Scenic designer Chris Timmons brilliantly utilizes the Barber Theatre stage, dividing the action into three distinctive levels. Floor level will be the Underworld, but we begin on a broad platform high above that, where Orpheus proposes and the nuptials are celebrated. Further above, a permanent upstage stairway to the studio’s catwalk arches over the Nasty Man’s lair, offering the highest point possible for Eurydice’s fatal plunge. Death is a downer, to be sure, but Eurydice certainly isn’t chastened or humbled by her fall. Impervious to the indignity of the shower that greets her at the gateway – she has come prepared with a handy umbrella – Eurydice expects to be shown to her living quarters even though a chorus of stones has told her that there aren’t any. Not to worry, Eurydice’s father dutifully shows up to pick up her empty suitcase, guide her to her room, and begin teaching her all that she forgot in the River Lethe. I can’t say how Dad is supposed to build Eurydice’s room in Ruhl’s script, but here he weaves his magic with a rainbow-colored ball of twine threaded through eyelets on the floor and the stage-left wall, forming a gleaming cat’s cradle.

By introducing Eurydice’s father into the mythic mix, Ruhl gives her heroine a reason to linger down below and feel some ambivalence about obediently following in Orpheus’s wake. On the other hand, Dad’s pre-nup letter to his daughter becomes a precedent after her untimely death, for Orpheus dispatches a letter to his vanished beloved, relying on the worms for delivery – and Eurydice has no less confidence that what worked for her dad will work for her. The eternal comfort of this system of family correspondence is spoiled by just one thing: the Lord of the Underworld, who reeks of the Nasty Man’s unsavoriness (they’re played by the same actor), wants to make Eurydice his bride. One more reason to go with Orpheus when he finally comes knocking.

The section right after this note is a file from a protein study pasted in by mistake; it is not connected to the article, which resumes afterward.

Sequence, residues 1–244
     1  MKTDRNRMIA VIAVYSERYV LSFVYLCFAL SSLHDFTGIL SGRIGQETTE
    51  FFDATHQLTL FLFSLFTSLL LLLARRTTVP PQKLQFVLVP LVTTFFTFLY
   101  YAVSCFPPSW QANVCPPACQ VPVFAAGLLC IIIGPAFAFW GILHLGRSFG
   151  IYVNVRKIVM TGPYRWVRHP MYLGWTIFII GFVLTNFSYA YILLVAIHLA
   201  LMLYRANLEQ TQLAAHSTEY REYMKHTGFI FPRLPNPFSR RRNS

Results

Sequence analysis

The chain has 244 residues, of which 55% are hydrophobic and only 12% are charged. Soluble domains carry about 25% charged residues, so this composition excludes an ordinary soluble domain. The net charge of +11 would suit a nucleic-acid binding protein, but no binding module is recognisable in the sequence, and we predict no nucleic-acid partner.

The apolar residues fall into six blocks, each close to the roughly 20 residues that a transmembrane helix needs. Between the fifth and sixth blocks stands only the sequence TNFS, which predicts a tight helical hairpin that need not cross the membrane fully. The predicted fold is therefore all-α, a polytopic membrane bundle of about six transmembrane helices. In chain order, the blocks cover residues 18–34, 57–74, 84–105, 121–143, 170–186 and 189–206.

Schlerf casts judiciously, using players who are mostly sophomores but not younger. As the lovebirds, senior Cy Ferguson as Orpheus and sophomore Savannah Deal in the title role pair up magnificently. He’s good-hearted, undoubtedly vulnerable, and the perfect antithesis of his nasty rivals. Deal is up to the spoiled, imperious figure she cuts entering the Underworld, but we never catch her trying to come across any older than she is. This is a natural Eurydice, not a flawless one. That approach may not be as ideal for Collin Epstein as Father or Ryan Rotella as the nasties above and below ground. Costumes by Carolyn Bryan help Epstein as Dad and Rotella as the Godfather-like Nasty put on a few years perhaps. But both speak as naturally as Deal does, a welcome change if you’ve ever been irritated by young actors straining to look older with the aid of makeup, hair coloring, or false beards. Once we adjourn to the Underworld, Rotella is purposely portrayed as childish when he appears as Lord of this domain, wearing a dopey beanie and pedaling a trike. And if this isn’t a punitive, hellfire Underworld, why can’t Dad be any age he likes while spending eternity there? Ruhl mischievously makes up her own rules as she spins her old yarn, twisting it enough to make it new and genially provocative. There’s even a beguiling touch of mystery when we reach the ending.

© 2016 CVNC